AUSTRALIAN prime residential markets have continued to grow in the last 12 months, with Perth, Brisbane and the Gold Coast leading the pack and with international borders remaining closed, the ultra-wealthy are expected to continue buying up real estate in the next few years.
According to Knight Frank’s Prime Global Cities Index for the first quarter, which follows the top 5% of the global residential market, Perth has seen the greatest level of growth in the past year at 4.1%.
Following Perth, Brisbane recorded a 3.8% growth, with the Gold Coast following closely behind at 3.5% growth.
Sydney and Melbourne saw a more subdued level of growth for the year, at a respective 1.9% and 0.4%.
“We have recently witnessed some incredible record sales at the very top end of the market, although when charting annually, the prime market price growth is coming off a much higher base than the mainstream market,” said Michelle Ciesielski, head of residential research at Knight Frank.
Global prime residential prices are surging ahead at their fastest rate since quarter four of 2017, growing in value by 4.6% in the past year.
Meanwhile Australia is experiencing a slower level of growth, compared to some cities which saw double-digit growth, such as Shenzhen in China which recorded a 19% year-on-year growth in prime prices.
“Although prime price growth is trending below the global average in Q1 2021, the five major Australian cities have reported positive annual growth every quarter since Q4 2017. When taking Perth out of the equation, the last time negative annual growth was recorded was further back in September 2013,” added Ciesielski.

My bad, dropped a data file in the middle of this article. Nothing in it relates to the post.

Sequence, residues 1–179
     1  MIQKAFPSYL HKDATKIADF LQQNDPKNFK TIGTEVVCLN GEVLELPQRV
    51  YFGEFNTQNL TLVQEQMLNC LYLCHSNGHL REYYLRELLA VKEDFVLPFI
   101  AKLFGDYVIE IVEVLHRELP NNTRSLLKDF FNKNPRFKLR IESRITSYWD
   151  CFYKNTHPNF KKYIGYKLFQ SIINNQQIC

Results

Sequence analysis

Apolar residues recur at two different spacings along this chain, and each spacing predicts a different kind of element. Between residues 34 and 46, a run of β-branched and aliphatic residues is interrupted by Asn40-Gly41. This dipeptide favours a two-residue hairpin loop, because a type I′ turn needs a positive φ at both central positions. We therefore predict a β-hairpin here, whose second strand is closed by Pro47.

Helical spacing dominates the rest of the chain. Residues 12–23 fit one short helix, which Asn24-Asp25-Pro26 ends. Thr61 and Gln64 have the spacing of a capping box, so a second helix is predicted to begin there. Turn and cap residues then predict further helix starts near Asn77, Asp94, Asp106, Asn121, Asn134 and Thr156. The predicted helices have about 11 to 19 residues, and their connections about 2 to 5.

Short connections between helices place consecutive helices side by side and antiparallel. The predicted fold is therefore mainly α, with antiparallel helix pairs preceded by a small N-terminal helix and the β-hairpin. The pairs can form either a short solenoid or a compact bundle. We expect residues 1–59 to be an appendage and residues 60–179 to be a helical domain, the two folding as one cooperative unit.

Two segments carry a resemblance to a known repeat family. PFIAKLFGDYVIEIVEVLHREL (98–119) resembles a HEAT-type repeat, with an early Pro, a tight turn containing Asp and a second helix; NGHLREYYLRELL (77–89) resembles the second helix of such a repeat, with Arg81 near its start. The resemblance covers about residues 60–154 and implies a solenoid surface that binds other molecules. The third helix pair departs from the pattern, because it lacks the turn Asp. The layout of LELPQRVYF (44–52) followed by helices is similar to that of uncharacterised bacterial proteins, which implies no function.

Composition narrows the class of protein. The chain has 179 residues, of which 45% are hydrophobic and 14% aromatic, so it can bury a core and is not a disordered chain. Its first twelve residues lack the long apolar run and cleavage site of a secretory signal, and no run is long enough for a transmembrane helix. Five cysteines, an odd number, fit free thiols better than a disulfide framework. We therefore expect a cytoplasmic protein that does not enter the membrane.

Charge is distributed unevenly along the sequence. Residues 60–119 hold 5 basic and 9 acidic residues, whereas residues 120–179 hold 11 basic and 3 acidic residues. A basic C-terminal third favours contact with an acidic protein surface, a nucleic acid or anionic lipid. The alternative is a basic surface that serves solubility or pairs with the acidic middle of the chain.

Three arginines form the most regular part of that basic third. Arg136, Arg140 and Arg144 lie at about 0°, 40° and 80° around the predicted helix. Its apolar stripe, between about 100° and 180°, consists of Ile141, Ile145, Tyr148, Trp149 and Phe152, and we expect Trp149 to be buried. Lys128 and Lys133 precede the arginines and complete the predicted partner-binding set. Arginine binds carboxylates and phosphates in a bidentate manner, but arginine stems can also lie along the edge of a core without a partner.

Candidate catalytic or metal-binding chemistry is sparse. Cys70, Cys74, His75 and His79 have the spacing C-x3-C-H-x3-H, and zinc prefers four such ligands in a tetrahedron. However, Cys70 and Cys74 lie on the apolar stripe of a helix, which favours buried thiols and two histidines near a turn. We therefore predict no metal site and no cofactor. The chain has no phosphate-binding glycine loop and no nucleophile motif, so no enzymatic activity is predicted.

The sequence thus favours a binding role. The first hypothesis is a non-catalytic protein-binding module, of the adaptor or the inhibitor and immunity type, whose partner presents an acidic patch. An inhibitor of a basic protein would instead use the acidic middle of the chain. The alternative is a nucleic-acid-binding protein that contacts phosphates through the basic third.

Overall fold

Ranking-wise both Melbourne and Brisbane rose globally over the quarter, with Melbourne climbing from rank 29 to rank 27, while Brisbane rose from rank 22 to rank 21.
“Where responsible lending created pent-up demand in the mainstream market in late 2019, the prestige market with less reliance on finance to transact, saw sustainable continued growth through this time.”
“Fast-forward to 2021, more prestige property buyers are leveraging the low interest rate environment encouraging them to diversifying their portfolios with alternate assets,” said Ciesielski.
Sydney, Perth and the Gold Coast fell in the global rankings, from 24 to 25, 19 to 20 and 20 to 22 respectively.
“Although the mainstream market has recently seen an uplift in listings with most markets heating up, we’re still experiencing the prestige market being very tightly held,” said Shayne Harris, head of residential Australia at Knight Frank.
“With the Australian ultra-wealthy population likely to spend a second consecutive winter at home, this is only expected to drive stronger price growth as the year progresses. Lifestyle properties will remain hotly contested whether that be in the city or in regional areas, with many of our clients not looking to factor in travel abroad for at least the next few years,” concluded Harris.